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Made-in-Singapore smart T-shirt allows runners to track ECG

A made-in-Singapore smart fitness T-shirt was trialed for the first time on Sunday (Dec 2) at the one-north Run.

Made-in-Singapore smart T-shirt allows runners to track ECG

100 out of 2,500 runners at this year's one-north Run tried out the smart fitness T-shirt. Developers aim to market the product by mid-2019. (Photo: Ahmad Khan)

SINGAPORE: It’s a test more commonly performed at the doctors.

But you can now track your electrocardiography (ECG), which detects cardiac abnormalities, through your mobile phone, by using a T-shirt that connects to an app.

Developed by local start-up KaHa and textile company Tex Line, with the help of the Agency for Science, Technology and Research (A*STAR), the smart shirt can also track and record fitness data such as heart rate, calories burned and step counts.

Developers aim to market the product by mid next year, with prices expected to be about 20 to 30 per cent more expensive than a regular sports apparel outfit.

An advanced prototype of the smart wearable was trialed for the first time during the annual one-north Run on Sunday (Dec 2), with about 100 of the 2,500 runners at the event donning it.

The smart fitness T-shirt contains wearable tech to track endurance, heart rate and ECG for optimal performance. (Photo: Ahmad Khan)

Most of the runners Channel NewsAsia spoke to said that the smart functions were useful, but some commented that the design of the outfit could be improved.

“The accuracy of the ECG is quite good, they actually capture the heart rate variance,” said 43-year-old seasoned runner Adrian Mok, who frequently uses heart rate monitors for his runs. “I think the comfort level is okay, and there’s a lot of potential with the product."

Mr Alvin Tan, a 39-year-old banker, said: "This app is very useful because it really helps me track my heartbeat per minute before my run and while I’m running. It tells me whether I’m taking it too relaxed, or if I’m pushing too much."

Clothing manufacturer Jereme Tan, 23, said the outfit could be made more comfortable.

"There’s room for improvement. But I think overall the product is good, one step for Singapore to enter this whole market of wearables," he said.

A sensor connected to the smart T-Shirt syncs up with a mobile app to provide an individual's vitals. (Photo: Ahmad Khan)


The developers of the smart T-Shirt lent one to Channel NewsAsia several days before the race to try it out for a run.

The smart T-shirt has two layers: The outer layer is made of the typical sportswear material, while the inner layer possesses carbon electrodes, the key sensors used to capture one's vitals.

The electrodes are made at A*STAR's SIMTech premises. The material of the patent-pending product also allows for sustainable washing.

Researchers created the inner layer of the smart fitness T-shirt using a carbon electrode that allows for sustainable washing. (Photo: Ahmad Khan)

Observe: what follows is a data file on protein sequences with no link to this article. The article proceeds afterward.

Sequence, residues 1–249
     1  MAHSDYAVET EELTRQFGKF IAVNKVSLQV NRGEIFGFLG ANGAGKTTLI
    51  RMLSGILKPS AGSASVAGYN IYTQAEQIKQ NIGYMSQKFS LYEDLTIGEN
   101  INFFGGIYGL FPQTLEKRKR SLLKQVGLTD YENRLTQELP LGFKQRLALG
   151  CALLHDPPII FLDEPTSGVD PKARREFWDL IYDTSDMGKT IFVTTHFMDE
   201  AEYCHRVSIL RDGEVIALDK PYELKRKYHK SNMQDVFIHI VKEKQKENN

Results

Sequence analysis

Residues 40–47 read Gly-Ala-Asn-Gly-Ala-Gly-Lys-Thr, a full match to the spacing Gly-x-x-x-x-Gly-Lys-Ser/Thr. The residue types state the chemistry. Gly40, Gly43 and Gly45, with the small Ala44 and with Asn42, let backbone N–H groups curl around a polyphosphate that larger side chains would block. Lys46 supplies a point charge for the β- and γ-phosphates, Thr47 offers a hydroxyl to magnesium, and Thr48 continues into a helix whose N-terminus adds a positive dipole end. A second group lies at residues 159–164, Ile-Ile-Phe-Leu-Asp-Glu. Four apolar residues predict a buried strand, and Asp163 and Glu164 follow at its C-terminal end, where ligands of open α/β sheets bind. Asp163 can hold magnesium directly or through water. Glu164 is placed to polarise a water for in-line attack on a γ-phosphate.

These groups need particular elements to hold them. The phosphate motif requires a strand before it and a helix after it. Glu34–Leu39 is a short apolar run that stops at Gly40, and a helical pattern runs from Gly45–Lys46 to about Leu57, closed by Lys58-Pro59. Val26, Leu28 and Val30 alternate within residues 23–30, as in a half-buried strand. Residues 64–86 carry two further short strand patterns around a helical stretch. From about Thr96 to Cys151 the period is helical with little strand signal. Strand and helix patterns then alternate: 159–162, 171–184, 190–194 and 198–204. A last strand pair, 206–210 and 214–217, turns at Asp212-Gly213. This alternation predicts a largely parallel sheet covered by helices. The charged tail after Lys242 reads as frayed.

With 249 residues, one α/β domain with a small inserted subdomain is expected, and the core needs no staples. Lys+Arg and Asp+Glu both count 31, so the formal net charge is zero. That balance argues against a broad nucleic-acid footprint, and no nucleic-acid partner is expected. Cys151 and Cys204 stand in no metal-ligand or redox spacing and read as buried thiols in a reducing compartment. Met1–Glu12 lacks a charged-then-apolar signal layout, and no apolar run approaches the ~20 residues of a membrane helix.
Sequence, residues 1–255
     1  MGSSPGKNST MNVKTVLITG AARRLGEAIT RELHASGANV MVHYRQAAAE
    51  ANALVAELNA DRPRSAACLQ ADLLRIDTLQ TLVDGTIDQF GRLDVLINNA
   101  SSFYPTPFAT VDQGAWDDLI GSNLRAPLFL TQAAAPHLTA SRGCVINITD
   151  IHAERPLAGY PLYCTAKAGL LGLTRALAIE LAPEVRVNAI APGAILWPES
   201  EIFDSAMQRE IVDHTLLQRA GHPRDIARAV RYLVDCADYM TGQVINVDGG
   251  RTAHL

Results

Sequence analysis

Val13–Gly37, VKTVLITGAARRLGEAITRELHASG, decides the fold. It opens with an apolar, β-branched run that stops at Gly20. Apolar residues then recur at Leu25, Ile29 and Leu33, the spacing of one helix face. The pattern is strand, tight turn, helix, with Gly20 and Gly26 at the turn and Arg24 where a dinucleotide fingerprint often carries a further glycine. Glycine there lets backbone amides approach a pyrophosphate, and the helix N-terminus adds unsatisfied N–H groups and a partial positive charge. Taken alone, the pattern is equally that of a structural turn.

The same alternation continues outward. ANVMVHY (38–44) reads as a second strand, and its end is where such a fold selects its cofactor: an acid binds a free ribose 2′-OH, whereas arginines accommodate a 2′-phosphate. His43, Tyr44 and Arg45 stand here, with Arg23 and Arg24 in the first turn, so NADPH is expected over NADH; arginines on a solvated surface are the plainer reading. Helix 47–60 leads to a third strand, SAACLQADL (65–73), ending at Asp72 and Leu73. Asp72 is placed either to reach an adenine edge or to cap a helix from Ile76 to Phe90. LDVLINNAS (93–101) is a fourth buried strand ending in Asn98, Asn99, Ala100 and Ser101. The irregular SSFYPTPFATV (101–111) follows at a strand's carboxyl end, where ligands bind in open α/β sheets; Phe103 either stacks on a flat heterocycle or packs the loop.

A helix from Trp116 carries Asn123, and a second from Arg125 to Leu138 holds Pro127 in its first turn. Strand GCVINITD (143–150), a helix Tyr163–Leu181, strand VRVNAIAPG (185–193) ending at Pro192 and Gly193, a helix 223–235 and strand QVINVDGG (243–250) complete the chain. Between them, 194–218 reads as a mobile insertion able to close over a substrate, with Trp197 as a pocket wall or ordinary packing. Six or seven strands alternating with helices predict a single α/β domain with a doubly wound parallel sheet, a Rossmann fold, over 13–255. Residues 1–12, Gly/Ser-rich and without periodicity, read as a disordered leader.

Researchers created the inner layer of the smart fitness T-shirt using a carbon electrode that allows for sustainable washing. (Photo: Ahmad Khan)

"We discovered that the current material in the market is not sustainable in high wash environment, so we have a unique formulation that enables to have more than 100 washing cycles," said Mr Lok Boon Keng, programme manager at the emerging application division in A*STAR.

The carbon electrodes on the smart T-shirt that was on loan to Channel NewsAsia peeled off slightly after just one wash, however, indicating that further improvement may need to be done in this area.


Putting on the smart T-shirt for the first time can be quite tricky with the two layers.

Once it was on, the inner layer felt a little tight and took some getting used to. That said, it was relatively comfortable during the run. The outer layer of the outfit is loose fitting.

"We know that for the apparel out there in the market, most of the designs are very tight fitting. But for the general public, not everyone has the rock solid abs or V-shaped bods," said Mr Tan Soon Kiat, product manager at Tex Line.

"We came up with a two-layer design to monitor health and performance for sports. At the same time we still look comfortable in our everyday normal T-shirts," he added.


The app will prompt runners to check their ECG before and after their run. (Photo: Ahmad Khan)

The smart T-shirt allowed me to monitor real-time physical data such as ECG, heart rate and calories during my run.

The app can also serve as a personal coach. and customise training programmes to suit one's needs based on fitness level.

Developers of the wearable tech say it can also be used for other purposes other than exercise.

"This application can be used not only in homes but in hospitals for monitoring of patients,” said Ms Sim Seo Lay, head of business development and operations of KaHa.

“It can also be at the corporate uniform industry, which can monitor workers’ performances and health as well. It can also be used for children’s wear as well as for senior citizens and caregivers and so forth."

The app can detect a runner's ECG, which can detect cardiac abnormalities. (Photo: Ahmad Khan)

Source: CNA/ic(aj)


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